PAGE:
This study examines the origins of two incisive processes: the transformation of post-war Germany from a National Socialist Volksgemeinschaft to a liberal democracy and the ideological genesis of the Cold War. Its central objects of study are five German emigrants: the political theorist and Protestant Carl J. Friedrich, the Socialist political scientist Ernst Fraenkel, the Catholic publicist Waldemar Gurian, the liberal lawyer Karl Loewenstein, and finally Hans Morgenthau, a political scientist, lawyer, and theoretician in the field of international relations. They had all been intensively involved in the political debates of the Weimar era, had survived National Socialism in exile in the United States, and all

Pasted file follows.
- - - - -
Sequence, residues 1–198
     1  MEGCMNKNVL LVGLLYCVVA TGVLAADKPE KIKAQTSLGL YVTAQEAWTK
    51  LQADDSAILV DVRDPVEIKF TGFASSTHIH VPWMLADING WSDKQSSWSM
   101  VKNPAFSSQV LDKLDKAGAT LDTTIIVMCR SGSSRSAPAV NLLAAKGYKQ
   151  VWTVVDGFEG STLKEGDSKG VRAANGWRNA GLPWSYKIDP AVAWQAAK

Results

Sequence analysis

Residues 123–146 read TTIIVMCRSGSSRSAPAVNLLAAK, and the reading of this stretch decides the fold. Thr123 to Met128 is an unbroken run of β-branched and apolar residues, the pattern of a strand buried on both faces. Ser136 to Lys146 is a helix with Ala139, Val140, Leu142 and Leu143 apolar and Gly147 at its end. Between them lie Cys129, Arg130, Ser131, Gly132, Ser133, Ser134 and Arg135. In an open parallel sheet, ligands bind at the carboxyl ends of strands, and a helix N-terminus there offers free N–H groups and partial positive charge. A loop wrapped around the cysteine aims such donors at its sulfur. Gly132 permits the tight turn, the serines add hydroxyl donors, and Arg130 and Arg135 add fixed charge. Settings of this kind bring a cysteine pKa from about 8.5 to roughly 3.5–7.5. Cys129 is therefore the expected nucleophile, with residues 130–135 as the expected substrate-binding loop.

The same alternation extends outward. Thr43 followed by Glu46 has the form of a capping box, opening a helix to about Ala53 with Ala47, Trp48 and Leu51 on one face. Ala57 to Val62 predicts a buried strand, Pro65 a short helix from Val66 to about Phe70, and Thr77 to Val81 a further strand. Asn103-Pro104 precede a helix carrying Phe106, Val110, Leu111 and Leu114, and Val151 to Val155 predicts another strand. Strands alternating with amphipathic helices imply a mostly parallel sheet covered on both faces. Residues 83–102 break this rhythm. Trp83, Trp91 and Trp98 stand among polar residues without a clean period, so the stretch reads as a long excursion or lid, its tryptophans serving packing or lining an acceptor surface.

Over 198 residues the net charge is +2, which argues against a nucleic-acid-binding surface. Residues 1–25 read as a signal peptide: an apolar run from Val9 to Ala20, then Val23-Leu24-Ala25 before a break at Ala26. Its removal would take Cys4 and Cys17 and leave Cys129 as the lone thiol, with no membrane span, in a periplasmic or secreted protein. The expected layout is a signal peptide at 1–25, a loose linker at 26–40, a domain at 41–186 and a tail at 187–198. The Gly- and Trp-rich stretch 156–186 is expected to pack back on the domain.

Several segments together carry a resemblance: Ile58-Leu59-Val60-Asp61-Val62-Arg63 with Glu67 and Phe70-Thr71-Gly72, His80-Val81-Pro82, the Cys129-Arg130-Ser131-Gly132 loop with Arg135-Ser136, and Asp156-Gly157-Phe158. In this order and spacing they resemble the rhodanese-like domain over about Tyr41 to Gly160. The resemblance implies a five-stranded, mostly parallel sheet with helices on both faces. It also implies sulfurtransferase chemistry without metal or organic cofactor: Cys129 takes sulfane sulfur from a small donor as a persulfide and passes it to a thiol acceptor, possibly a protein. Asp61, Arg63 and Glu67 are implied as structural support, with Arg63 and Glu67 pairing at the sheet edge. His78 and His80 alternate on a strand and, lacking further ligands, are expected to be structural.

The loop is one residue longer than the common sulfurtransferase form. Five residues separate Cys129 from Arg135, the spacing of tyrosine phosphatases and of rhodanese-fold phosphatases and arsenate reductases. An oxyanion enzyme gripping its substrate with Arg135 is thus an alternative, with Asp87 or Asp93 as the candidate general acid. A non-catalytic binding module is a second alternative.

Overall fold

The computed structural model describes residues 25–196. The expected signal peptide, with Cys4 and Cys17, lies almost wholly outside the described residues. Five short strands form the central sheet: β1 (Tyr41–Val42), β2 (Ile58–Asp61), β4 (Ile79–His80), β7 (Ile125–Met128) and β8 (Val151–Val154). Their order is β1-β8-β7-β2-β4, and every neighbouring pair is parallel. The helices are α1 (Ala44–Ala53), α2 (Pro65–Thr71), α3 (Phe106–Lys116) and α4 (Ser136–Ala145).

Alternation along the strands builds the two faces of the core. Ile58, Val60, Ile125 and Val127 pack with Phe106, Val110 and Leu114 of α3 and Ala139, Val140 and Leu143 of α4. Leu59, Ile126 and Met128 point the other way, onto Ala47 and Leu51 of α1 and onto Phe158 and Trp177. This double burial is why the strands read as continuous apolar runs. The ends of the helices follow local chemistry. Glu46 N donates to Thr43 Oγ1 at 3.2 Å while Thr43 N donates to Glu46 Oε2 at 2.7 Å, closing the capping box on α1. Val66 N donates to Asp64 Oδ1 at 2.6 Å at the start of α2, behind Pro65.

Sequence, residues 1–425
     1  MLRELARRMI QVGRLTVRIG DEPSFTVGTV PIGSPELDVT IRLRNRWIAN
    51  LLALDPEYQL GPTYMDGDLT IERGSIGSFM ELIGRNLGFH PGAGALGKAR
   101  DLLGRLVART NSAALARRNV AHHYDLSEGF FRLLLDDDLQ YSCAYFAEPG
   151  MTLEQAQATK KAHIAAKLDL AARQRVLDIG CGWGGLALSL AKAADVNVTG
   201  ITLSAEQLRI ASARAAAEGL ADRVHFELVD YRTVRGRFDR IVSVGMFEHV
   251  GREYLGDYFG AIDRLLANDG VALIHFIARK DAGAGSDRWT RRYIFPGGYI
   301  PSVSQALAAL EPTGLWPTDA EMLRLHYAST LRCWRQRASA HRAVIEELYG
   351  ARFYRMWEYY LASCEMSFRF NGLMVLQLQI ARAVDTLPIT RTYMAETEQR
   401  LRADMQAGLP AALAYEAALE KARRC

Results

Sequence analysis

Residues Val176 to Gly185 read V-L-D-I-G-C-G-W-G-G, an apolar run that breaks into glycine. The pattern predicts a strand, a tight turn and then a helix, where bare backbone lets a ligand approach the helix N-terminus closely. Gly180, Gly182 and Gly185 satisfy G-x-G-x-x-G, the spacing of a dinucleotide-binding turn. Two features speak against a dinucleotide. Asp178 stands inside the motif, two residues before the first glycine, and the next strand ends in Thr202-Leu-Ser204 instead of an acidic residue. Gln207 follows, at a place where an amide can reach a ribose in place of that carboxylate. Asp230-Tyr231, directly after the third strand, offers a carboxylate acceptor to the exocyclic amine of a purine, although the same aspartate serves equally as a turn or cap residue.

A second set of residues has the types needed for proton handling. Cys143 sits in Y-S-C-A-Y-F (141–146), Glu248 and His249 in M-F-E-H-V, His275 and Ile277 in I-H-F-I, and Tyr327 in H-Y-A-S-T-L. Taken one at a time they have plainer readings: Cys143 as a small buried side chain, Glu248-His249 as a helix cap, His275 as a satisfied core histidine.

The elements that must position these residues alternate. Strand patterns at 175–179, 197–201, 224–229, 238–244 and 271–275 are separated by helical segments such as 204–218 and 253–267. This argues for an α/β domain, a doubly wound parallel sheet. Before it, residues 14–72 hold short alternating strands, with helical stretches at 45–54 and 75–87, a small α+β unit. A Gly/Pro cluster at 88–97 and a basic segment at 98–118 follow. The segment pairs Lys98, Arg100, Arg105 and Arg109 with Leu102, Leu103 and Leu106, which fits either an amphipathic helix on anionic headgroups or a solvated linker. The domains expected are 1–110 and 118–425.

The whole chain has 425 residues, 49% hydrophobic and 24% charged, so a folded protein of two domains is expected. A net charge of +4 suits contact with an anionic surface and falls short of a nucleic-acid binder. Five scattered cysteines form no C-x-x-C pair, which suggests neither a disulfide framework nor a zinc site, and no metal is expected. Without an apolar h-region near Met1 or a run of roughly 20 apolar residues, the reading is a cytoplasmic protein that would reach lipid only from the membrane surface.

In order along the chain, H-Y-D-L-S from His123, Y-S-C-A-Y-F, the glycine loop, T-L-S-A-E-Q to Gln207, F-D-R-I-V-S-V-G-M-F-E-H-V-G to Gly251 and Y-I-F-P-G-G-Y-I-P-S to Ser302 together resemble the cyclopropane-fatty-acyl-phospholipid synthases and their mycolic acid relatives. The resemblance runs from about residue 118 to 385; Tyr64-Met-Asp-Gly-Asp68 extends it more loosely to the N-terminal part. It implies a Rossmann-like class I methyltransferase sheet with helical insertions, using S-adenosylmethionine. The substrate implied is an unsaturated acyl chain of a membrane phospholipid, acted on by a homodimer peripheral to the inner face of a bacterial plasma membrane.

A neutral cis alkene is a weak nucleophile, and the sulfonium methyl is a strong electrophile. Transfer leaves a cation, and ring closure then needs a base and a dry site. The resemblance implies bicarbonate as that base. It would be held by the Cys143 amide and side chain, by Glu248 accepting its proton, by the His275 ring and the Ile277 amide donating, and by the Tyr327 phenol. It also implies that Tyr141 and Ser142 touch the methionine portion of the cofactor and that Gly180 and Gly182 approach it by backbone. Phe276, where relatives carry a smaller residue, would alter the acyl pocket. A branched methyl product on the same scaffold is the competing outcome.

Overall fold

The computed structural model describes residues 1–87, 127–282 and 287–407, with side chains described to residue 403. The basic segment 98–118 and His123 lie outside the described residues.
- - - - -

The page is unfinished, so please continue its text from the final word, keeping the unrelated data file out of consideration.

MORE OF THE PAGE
went on to become influential American intellectuals and political advisors. Udi Greenberg traces their paths and demonstrates through the application of approaches from intellectual history and politics that experiences from the Weimer Republic became foundational for Germany's democratic reconstruction as well as for the transatlantic post-war order. Beginning in the interwar period in Germany and reaching until the end of the East/West conflict, this study illuminates five figures, their ideas, and the resulting political decision-making that was to have an enduring impact on Germany's relationship to America as well as on the fabric of the Cold War.